Coast of Almería flooded with campers on the way to Morocco

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The coastal strip of Almería will again be flooded this winter by hundreds of European campers. These tourists come from Germany, Belgium, the Netherlands, France and the UK. They choose this region as a stopover on their way to countries in North Africa such as Morocco.

Many of them camp right on the beach or in certain natural enclaves, such as the Cabo de Gata Protected Area. Places that, according to the article in Diario de Almería, are often not equipped or permitted for long-term stays.

The operation ‘Paso del Estrecho’

This annual wave of RV tourism is known as Operation Paso del Estrecho. This refers to the fact that thousands of tourists, often of Moroccan origin, travel from all over Europe to Africa. In Germany alone, more than 60,000 campers are sold every year. That number is a tenfold increase in the number of campers sold in Spain (6,000), according to data from the Spanish Association of the Caravaning Industry and Trade (ASEICAR).

Shortage of more than 2,000 camper pitches in Spain

The majority of foreign campers respect the environment and follow the rules. Although there are always some undesirable behaviours that put the entire community in a bad light. ASEICAR emphasises in Diario de Almería that there is a shortage of more than 2,000 camper pitches in Spain. That is why the association calls on municipalities to invest more in such facilities. This type of tourism can provide significant benefits with little investment.

Also read: Insufficient pitches for motorhomes

Lack of places leads to more wild camping

Along the Levante and Poniente coastline, visitors can now wake up every morning directly on the beach with an unobstructed sea view for free. Plans for new camper pitches in the Cabo de Gata-Níjar Natural Park have been cancelled due to environmental protection. However, contrary to good intentions, this leads to more wild camping.

Campers form small, permanent colonies along the coast, close to water points. If there is overcrowding or complaints, these colonies are contacted by authorities. They then move to other locations within the province. These include Vera, Quitapellejos, Pulpí, the Cabo de Gata Natural Park, and various beaches such as in Adra.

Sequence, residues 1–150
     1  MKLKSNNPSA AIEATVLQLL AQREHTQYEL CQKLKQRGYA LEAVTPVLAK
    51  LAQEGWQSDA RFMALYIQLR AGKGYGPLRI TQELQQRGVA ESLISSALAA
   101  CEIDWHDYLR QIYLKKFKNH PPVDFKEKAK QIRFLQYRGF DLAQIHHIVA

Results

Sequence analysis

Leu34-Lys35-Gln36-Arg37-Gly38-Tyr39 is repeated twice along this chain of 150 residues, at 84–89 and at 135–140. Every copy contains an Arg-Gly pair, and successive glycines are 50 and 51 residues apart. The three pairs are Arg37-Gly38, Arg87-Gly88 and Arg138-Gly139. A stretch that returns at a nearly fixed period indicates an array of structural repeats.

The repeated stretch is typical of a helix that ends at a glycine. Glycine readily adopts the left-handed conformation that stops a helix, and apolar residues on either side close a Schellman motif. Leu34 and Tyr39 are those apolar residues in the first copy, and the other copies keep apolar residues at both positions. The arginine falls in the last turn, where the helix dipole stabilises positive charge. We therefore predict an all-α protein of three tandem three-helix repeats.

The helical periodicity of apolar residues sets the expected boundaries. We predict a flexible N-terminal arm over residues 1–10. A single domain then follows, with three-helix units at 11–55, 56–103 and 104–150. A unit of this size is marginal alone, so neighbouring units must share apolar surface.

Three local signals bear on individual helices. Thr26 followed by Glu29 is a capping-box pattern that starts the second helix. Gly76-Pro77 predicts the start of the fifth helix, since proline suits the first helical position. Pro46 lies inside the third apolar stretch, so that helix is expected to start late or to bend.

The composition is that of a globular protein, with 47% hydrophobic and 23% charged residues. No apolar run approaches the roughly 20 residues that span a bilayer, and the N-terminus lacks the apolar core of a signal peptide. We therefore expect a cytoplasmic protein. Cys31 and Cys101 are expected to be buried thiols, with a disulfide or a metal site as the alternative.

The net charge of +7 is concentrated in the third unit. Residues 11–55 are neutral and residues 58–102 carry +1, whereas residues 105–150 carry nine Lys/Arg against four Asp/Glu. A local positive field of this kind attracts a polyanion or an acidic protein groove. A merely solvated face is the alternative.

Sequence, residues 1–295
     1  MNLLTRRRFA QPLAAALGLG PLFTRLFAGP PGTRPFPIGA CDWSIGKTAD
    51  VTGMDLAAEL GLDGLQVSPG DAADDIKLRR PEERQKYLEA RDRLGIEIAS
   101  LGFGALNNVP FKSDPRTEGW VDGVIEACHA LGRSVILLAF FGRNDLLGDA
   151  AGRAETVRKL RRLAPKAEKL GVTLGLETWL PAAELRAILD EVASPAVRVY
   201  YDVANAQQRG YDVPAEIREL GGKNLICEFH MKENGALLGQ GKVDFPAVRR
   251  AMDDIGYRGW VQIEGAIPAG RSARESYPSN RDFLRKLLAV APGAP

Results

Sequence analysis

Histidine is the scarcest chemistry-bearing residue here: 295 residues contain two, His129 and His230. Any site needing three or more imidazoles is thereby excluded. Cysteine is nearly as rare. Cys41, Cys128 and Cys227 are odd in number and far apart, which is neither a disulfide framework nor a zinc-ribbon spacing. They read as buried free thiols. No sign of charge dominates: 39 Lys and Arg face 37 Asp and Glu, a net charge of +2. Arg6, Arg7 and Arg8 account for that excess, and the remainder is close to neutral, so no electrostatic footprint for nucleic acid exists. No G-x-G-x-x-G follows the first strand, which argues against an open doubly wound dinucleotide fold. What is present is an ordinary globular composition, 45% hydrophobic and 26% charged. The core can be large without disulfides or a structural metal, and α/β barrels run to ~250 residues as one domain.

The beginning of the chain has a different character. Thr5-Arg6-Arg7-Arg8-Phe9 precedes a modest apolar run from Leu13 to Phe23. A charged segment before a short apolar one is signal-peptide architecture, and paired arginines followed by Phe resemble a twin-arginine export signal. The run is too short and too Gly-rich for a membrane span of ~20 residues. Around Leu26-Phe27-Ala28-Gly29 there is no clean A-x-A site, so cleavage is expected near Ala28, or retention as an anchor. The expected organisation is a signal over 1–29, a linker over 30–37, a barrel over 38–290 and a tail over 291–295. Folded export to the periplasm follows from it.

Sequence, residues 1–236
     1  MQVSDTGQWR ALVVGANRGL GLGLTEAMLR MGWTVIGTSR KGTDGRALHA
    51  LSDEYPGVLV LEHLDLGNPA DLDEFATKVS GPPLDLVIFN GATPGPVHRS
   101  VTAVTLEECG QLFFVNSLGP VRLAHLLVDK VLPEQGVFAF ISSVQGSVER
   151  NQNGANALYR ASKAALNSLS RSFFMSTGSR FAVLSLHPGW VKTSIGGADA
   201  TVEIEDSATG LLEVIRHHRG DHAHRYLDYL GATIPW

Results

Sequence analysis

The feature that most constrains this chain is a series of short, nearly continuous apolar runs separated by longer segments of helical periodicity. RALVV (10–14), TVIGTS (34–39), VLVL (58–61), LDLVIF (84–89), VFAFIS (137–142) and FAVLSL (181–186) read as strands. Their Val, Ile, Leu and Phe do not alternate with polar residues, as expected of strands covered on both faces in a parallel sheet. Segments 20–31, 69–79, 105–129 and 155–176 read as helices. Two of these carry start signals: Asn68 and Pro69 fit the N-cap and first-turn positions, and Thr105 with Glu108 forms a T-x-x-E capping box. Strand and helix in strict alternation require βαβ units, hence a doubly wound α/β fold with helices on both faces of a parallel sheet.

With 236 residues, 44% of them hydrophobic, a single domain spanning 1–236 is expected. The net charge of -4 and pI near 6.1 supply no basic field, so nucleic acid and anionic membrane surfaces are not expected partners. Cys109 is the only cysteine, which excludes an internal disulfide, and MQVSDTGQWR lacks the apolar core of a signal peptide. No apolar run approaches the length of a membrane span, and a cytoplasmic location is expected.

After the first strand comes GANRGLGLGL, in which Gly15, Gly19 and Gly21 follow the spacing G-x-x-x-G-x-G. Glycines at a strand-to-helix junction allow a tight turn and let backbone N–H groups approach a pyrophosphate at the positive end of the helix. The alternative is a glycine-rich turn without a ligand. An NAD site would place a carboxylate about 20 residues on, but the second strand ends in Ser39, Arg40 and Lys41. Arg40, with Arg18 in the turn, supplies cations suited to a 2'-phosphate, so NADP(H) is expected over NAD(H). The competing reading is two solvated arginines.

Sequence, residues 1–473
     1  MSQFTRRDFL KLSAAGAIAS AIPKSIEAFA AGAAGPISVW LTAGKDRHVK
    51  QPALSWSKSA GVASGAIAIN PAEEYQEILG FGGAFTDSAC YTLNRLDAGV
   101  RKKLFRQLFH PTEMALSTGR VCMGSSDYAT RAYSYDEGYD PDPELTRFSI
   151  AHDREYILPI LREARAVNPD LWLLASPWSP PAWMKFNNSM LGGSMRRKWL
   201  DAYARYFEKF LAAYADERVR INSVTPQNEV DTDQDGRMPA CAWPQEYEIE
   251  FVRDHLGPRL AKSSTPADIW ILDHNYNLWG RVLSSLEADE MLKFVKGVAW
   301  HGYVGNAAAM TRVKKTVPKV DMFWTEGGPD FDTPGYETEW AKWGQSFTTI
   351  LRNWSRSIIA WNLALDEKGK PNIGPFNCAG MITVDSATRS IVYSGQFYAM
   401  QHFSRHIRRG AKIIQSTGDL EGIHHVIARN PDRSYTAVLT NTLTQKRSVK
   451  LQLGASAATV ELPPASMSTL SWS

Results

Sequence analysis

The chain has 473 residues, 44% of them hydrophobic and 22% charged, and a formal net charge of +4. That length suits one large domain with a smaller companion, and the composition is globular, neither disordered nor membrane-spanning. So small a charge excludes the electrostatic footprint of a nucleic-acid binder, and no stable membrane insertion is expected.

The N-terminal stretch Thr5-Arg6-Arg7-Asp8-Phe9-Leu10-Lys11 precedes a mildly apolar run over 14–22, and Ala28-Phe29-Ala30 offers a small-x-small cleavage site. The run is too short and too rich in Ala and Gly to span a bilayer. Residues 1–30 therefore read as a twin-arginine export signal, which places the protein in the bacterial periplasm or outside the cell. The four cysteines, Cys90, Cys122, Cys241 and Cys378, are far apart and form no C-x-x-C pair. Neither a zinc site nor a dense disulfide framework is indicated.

Cogesa Expats

Nuisance and discrimination for Spanish drivers

From this latest pitch, the president of the Autonomous Camper Platform (PACA), Jesús Gallardo, warned against non-compliance and inappropriate behaviour. “It is unbearable, they stay camping for months, they take the water from the connections and empty their septic tanks wherever they go without any control or regulation. No one is imposing sanctions on them.” Gallardo calls this discrimination for the Spanish camper driver who does pay the fines (up to €1,500). “The inappropriate behaviour of some Europeans within all these colonies during their stopover in Almería is ruining camper life on our coast for others.”

Almería as a favourite destination

Almería, with only six official public zones for campers and none in the capital, is in stark contrast to the 17 in Córdoba and 23 in Seville. Nevertheless, the province has become a favourite stop for European campers. This is partly due to less strict regulations than in enclaves such as Sierra Nevada, Doñana and Tarifa. Therefore, in doing so, they avoid the possibility of sanctions that are more common in these provinces.

Negative impact

The situation has led to criticism from local authorities and advocacy groups such as the Autonomous Camper Platform (PACA). These point out the negative impact of long-term camping and the uncontrolled use of local facilities. ASEICAR emphasises that campers are for travelling and discovering new places, not for setting up permanent settlements.

Luis López of ASEICAR explains that the organisation has developed guides and distributed campaigns. They want to make users aware of the legislation and rules in Spain. He hopes that this will encourage them to take better care of the environment they travel to.

Motorhome owner profile

According to López, the profile of the camper is that of a customer with medium purchasing power (the cheapest vehicle costs €80,000). That customer eats in restaurants, buys in stores, loves nature and participates in cultural activities. “He is an environmentally friendly tourist who usually goes to the permitted areas, but there are exceptions.” These ensure that a situation arises that is not desirable for anyone.

Also read: What documents do you need to drive your motorhome through Spain

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